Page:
The hope is for the $80,000 to cover the entire cost of the project, although Perkins said she may have to check prices again, since the request was made more than six months ago.

She added that she is not sure when work could begin on the barn, but it could be this fall.

“We are so wildly excited and grateful and appreciative — this is just amazing,” she said.

The art center’s shop, which offers handmade items by American artists, reopened this month at the center’s main location at 411 Church St.

The shop had moved to a storefront on the Green for the holiday season, and then underwent a redesign of the Church Street space.

“We decided to really redo the shop and we have many, many new artists in the shop now and the shop is a whole different shopping experience,” Perkins said.

American chestnut tree putting down new roots

Creating a blight resistant strain is the goal of conservationists

By Rachael Scarborough King, Register Staff
March 24, 2008

GUILFORD — Walk around the forests and parks of Connecticut, and you won’t see many American chestnut trees stretching into the canopy.

One hundred years ago, blight killed as many as 4 billion of the trees, which were once common from New England to western Tennessee.

The blight, a fungus that was imported to the U.S. on Asian trees, all but wiped out the American chestnut in the early 20th century.

Now, Guilford’s Conservation Commission, along with the Connecticut Chapter of the American Chestnut Foundation, is working to establish a blight-resistant chestnut tree in a 1½-acre orchard in the town’s Nut Plains Park.

The commission is planning to spend two Saturdays in April building a fence to protect the trees from deer, and another Saturday in May planting the first 100 nuts. There is also a kickoff event March 29 at 10 a.m. at the Nathanael B. Greene Community Center to introduce the project to town residents.

Last year, volunteers planted about 20 trees as a test orchard, which proved successful. Eventually, they may sow 400 to 500 of the blight-resistant nuts in the area.

“There were billions of trees, billions of chestnut trees in the Eastern states in the 1800s,” said Jennifer Allcock, a member of the Conservation Commission and orchard manager for the tree project. “They were a primary source of food, both for animals and for people, and the chestnut wood is one of the hardest, most durable that was available.”

Since 1983, the American Chestnut Foundation has been working to establish a species of blight-resistant chestnuts by crossbreeding American trees with Chinese chestnuts, which are naturally resistant. The nuts that will be planted in Guilford are a result of that process, with about 94 percent American genes.

The goal is to produce trees that look like American chestnuts — tall and straight, with hard, lightweight wood — but “breed true” for blight resistance, meaning that future generations of chestnuts will also carry the resistant gene. Bill Adamsen, the president of the Chestnut Foundation’s Connecticut chapter, said that some American chestnuts can still be found in the Eastern United States, although most of them eventually develop blight.

Adamsen said the strong, rot-resistant chestnut wood was important for early colonists, who used it to build barns, houses and bridges.

“This is a tree that we allowed to be killed essentially by inadvertently importing a pathogen, and I think there’s a certain cultural and even a spiritual aspect about trying to restore something that we have damaged,” he said.

To create a blight-resistant American chestnut tree, scientists at the foundation’s research farms first cross-bred native trees with Chinese ones, creating a plant that had half of each tree’s genes. They then continued to breed the resulting trees with American chestnuts, arriving four generations later at a tree that is about one-sixteenth Chinese.

Volunteers in Guilford are planning to plant about 100 of those nuts in the orchard this spring. Leila Pinchot, New England regional science coordinator for the American Chestnut Foundation, said that not all of the fourth-generation trees will be resistant to the blight. The ones that are resistant will be allowed to cross-pollinate, and by the sixth generation most of the trees should be highly resistant.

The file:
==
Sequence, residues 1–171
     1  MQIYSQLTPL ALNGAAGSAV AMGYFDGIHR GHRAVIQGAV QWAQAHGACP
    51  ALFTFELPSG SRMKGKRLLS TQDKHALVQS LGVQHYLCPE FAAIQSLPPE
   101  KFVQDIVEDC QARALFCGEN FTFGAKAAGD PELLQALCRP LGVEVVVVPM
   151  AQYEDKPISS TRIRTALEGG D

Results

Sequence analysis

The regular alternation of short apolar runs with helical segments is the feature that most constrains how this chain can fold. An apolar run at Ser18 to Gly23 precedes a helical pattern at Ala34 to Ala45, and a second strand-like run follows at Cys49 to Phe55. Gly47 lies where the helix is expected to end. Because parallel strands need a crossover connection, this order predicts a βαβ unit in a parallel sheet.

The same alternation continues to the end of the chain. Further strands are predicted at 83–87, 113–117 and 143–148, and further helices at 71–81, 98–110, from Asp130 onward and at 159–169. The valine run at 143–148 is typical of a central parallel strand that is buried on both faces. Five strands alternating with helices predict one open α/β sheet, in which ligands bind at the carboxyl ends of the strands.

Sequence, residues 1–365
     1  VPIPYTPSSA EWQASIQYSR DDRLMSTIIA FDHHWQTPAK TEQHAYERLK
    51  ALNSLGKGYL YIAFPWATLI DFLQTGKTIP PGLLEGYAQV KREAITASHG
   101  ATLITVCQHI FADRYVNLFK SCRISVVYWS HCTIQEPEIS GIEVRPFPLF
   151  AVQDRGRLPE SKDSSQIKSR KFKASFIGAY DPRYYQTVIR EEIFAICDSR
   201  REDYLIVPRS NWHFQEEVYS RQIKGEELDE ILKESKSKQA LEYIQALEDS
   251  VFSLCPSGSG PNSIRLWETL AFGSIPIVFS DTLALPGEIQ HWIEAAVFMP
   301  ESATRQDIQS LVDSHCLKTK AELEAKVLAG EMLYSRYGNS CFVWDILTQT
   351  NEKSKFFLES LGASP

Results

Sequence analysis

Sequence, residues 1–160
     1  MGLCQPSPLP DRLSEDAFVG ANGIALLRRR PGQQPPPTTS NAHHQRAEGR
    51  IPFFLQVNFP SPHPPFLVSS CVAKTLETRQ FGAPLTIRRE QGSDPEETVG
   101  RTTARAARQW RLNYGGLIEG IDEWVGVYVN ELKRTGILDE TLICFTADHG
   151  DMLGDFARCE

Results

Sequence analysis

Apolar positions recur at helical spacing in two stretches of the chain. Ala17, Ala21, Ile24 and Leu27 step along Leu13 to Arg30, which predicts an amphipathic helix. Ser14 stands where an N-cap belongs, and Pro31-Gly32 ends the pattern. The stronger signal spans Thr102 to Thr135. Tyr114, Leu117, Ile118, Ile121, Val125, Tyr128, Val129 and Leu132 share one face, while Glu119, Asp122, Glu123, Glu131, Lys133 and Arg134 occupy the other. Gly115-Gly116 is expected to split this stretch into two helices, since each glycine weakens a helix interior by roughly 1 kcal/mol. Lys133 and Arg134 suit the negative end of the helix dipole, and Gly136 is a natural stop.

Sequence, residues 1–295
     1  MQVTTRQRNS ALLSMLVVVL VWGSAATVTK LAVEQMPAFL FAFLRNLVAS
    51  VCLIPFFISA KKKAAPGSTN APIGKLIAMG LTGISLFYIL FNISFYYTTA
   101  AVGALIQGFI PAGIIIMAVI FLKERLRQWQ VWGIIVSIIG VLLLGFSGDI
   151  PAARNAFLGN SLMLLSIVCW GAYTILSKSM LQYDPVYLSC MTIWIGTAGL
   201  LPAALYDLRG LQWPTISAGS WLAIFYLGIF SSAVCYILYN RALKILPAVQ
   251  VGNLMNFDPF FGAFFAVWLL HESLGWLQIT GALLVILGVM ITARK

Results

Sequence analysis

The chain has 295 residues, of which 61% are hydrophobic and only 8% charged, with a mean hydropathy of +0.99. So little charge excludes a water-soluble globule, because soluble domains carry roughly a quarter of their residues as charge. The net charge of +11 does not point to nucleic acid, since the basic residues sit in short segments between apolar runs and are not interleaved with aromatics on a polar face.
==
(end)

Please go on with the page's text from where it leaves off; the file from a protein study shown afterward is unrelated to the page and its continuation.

After the trees have matured — which takes four to seven years — they will be exposed to the blight to test for resistance. Adamsen said the group expects that one out of every eight trees will be resistant to the blight.

The blight, which kills the trees’ tissues and blocks the flow of nutrients, does not kill the underlying roots, Pinchot said. That means that many tree stumps sprout new saplings, but they may not grow old enough to flower, which is necessary for the pollination process.

“There’s probably millions of chestnuts in Connecticut, but most of them are pretty scraggly,” said Pinchot, a Guilford native. “They’re pretty much all going to eventually succumb to the blight — it’s a matter of time.”

Nuts from one of the trees the American Chestnut Foundation used in the breeding process come from a hybrid that a Yale professor, Arthur Graves, established in Hamden in the 1930s, Pinchot said.

“Connecticut actually has a really long history with chestnut restoration,” she said. “It’s better to have Connecticut genes in our trees.”

Guilford’s will be the fifth American chestnut orchard in Connecticut. In Woodbridge, volunteers planted 168 nuts two years ago and more last year. Some of the trees there are now 4 feet tall.

Orchard officials in Woodbridge are planning another planting of 170 nuts this spring. Each round of planting uses nuts bred from a different “mother tree,” Pinchot said, so that this will be the third line of chestnuts in the Woodbridge orchard.

Allcock said the Guilford program is costing about $8,000, most of which will go toward paying for the 1,200-foot deer fence. The money comes from the American Chestnut Foundation, the town of Guilford, and the Guilford Foundation, which funds community programs.

The Conservation Commission is looking for volunteers to help put up the fence and sow the first chestnuts. They are planning to work on the fence on April 19 and 26, and plant on May 3.

“The deer fence … needs to be put up around the orchard before we start,” Allcock said. “That is expected to help us manage the orchard for the first two years — after that the trees know what to do.”

For more information on the project, visit the Web site of the American Chestnut Foundation’s Connecticut chapter at